Hartford Sues Arch Over Hiring of New York Employees (Update2)

By Andrew Frye and Michael J. Moore
Bloomberg News
July 2, 2009


July 2 (Bloomberg) -- Hartford Financial Services Group Inc. sued rival Arch Capital Group Ltd. and three former employees, saying they used trade secrets in an effort to "destroy" a subsidiary of the Connecticut-based insurer.

Hartford said in the lawsuit, filed today in New York state Supreme Court, that Arch "conducted an unlawful corporate 'raid'" by hiring more than 60 managers, underwriters and employees from a unit that insures financial obligations and corporate boards. Hartford Financial Products, the New York- based subsidiary, employs about 250 people.

Hartford is guarding against employee and client defections after three consecutive quarterly losses depleted capital and a $3.4 billion U.S. bailout raised the prospect of government- imposed compensation curbs. Arch and a unit of Berkshire Hathaway Inc. settled a suit last year stemming from allegations that Arch stole trade secrets.

Hartford said in its complaint that Arch conspired with David McElroy, who left his job as president of the Hartford unit on June 5, to gain trade secrets and client information. McElroy, who is also named in the lawsuit, cooperated with Arch's efforts to hire Hartford underwriters through "threats, bullying and repeated disparagement" of the insurer, according to the complaint.

John Richardson, an Arch deputy general counsel, declined to comment.

Arch's Announcement

Arch announced on June 8 the creation of a U.S. financial and professional liability group with McElroy as president. A week later, the Bermuda-based insurer hired a former vice president of Hartford Financial Products, John Rafferty, to lead a division reporting to McElroy.

Rafferty and Michael Price, who was also a vice president of Hartford Financial Products, were also named in the complaint. Messages left for McElroy, Price and Rafferty weren't immediately returned.

Hartford is scaling back in Japan and concentrating on the U.S. as it recovers from what outgoing Chief Executive Officer Ramani Ayer calls the toughest year in the company's two centuries. In the last 12 months, Ayer cut jobs and slashed the dividend. Hartford, based in the city of the same name, lost $2.7 billion in 2008.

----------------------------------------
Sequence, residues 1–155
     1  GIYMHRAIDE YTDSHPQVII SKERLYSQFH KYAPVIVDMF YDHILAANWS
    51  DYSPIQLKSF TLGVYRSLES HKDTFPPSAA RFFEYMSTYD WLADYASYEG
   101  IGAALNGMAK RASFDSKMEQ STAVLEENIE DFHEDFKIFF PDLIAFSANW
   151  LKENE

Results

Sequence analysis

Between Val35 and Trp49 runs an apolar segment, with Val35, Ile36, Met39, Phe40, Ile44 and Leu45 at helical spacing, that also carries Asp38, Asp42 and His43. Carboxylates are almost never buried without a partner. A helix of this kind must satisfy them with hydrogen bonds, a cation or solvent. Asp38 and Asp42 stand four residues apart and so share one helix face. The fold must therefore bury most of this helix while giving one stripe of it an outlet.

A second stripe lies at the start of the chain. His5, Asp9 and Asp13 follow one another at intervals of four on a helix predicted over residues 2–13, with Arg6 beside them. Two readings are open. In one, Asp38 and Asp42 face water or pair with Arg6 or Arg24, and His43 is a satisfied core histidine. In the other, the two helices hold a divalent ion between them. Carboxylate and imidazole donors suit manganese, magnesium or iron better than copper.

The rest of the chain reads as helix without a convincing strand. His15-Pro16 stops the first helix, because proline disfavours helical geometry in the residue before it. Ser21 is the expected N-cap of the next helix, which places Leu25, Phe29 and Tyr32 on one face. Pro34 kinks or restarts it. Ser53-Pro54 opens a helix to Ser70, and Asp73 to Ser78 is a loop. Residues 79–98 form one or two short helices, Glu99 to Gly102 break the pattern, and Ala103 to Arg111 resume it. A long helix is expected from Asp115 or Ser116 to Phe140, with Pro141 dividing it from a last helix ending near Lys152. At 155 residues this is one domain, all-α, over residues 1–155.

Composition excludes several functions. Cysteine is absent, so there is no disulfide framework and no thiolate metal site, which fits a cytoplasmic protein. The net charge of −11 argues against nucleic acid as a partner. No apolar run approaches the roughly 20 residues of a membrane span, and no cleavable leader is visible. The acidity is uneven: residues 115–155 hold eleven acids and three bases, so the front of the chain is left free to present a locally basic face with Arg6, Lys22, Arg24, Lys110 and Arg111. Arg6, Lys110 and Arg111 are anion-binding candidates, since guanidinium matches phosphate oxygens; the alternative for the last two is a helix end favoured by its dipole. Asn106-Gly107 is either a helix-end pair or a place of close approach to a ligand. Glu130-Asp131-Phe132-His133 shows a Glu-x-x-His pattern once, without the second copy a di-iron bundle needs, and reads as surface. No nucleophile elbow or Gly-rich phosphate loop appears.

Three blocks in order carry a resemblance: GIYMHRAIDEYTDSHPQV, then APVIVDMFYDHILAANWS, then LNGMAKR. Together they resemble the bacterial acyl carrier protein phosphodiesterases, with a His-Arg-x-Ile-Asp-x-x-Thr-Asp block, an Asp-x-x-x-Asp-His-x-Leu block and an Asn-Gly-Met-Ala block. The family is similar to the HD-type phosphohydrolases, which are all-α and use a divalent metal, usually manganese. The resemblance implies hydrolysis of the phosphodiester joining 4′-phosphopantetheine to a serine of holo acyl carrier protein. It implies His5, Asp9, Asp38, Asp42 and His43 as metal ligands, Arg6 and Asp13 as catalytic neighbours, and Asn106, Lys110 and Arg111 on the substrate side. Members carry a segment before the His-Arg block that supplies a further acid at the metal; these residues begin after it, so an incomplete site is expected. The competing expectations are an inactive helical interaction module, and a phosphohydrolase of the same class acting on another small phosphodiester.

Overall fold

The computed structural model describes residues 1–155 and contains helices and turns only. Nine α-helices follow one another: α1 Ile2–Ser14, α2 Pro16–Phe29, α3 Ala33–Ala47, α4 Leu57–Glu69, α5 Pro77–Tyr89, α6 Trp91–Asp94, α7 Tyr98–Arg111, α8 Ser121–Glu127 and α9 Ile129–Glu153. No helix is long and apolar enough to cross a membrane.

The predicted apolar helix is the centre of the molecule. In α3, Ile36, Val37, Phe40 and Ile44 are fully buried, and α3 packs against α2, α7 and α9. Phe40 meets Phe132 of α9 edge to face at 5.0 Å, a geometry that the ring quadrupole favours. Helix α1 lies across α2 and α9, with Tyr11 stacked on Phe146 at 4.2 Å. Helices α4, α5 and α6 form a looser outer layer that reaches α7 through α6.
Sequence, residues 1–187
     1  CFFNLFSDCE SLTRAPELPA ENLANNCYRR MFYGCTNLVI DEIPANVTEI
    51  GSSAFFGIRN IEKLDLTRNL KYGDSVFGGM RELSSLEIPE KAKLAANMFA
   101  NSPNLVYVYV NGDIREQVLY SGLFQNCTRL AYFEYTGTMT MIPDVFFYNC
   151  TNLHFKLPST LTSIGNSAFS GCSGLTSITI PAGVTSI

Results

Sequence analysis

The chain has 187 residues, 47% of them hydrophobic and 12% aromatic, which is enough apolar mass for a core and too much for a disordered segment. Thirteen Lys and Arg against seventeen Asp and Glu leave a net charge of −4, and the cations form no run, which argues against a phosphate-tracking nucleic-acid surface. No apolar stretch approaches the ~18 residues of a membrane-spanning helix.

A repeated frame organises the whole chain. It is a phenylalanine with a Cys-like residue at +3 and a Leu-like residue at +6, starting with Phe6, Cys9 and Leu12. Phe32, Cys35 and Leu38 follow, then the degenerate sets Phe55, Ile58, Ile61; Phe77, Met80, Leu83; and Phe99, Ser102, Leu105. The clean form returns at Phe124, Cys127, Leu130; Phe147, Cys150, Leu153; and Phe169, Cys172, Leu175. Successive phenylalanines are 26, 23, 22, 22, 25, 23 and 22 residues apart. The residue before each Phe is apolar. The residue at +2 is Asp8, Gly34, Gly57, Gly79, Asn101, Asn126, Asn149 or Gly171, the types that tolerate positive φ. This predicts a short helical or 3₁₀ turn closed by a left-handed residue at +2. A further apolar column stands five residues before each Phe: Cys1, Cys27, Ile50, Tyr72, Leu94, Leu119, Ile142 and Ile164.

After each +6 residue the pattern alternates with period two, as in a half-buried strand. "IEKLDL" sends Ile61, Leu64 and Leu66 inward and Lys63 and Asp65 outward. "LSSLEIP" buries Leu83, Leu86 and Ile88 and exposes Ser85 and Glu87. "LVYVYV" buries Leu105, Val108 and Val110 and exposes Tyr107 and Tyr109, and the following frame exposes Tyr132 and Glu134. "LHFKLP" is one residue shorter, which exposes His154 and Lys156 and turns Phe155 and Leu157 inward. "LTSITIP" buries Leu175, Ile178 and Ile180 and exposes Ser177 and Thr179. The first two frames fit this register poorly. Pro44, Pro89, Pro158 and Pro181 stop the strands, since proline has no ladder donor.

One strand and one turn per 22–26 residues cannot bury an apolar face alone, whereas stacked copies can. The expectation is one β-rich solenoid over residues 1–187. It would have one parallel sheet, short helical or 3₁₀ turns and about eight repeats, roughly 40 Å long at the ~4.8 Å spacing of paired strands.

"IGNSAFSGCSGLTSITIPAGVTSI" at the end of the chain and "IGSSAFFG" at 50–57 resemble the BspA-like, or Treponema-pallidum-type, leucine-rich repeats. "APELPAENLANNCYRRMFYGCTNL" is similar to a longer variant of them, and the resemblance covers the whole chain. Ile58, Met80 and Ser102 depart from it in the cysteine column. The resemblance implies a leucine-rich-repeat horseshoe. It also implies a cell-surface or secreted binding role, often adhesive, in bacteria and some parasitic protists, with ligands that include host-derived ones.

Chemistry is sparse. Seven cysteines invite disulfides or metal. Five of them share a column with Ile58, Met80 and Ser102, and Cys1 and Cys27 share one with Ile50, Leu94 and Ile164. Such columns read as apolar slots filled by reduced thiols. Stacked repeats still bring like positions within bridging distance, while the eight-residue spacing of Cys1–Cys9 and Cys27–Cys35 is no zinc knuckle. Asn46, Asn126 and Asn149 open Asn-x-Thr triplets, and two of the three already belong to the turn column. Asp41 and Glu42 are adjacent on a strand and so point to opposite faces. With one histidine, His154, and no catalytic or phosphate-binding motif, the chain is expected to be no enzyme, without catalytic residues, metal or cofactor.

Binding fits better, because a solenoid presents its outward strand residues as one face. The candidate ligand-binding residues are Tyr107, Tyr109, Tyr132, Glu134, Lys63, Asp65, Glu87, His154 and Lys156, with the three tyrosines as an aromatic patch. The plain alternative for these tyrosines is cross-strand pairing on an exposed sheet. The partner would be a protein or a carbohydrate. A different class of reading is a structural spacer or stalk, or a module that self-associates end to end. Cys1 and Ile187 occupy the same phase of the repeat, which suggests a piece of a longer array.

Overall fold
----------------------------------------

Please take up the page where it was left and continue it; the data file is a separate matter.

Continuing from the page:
Hartford dropped 78 cents, or 6.5 percent, to $11.19 at 4:21 p. m. in New York Stock Exchange composite trading. Arch fell $1.70 to $58.16 on the Nasdaq Stock Market.

Hartford's Financial Products unit "continues to write new business and service its existing business," David Snowden, a spokesman for Hartford, said in a statement. "We have a deep bench of talented and dedicated employees."

'Jump Ship'

McElroy originally joined Hartford when the firm purchased what became the financial products unit from Reliance Group Holdings in 2000. According to the complaint, McElroy met with Arch starting in March to discuss leaving the company.

The week after McElroy joined Arch, according to the complaint, Arch employees began sending e-mails and text messages to Hartford FP workers, telling them to "jump" from the "sinking ship" and claiming that if they didn't join Arch, they would "never work in this industry again." The lawsuit states that Arch extended offers to numerous Hartford employees from top management to underwriting trainees.

"The only purpose of this aggressive solicitation, given Arch's lack of a need for these services, was to attempt to cause harm and disruption," Hartford said in the complaint.

The case is Hartford Financial Services Group Inc. vs. Arch Capital Group Ltd., 09/602062, Supreme Court of the State of New York, County of New York.

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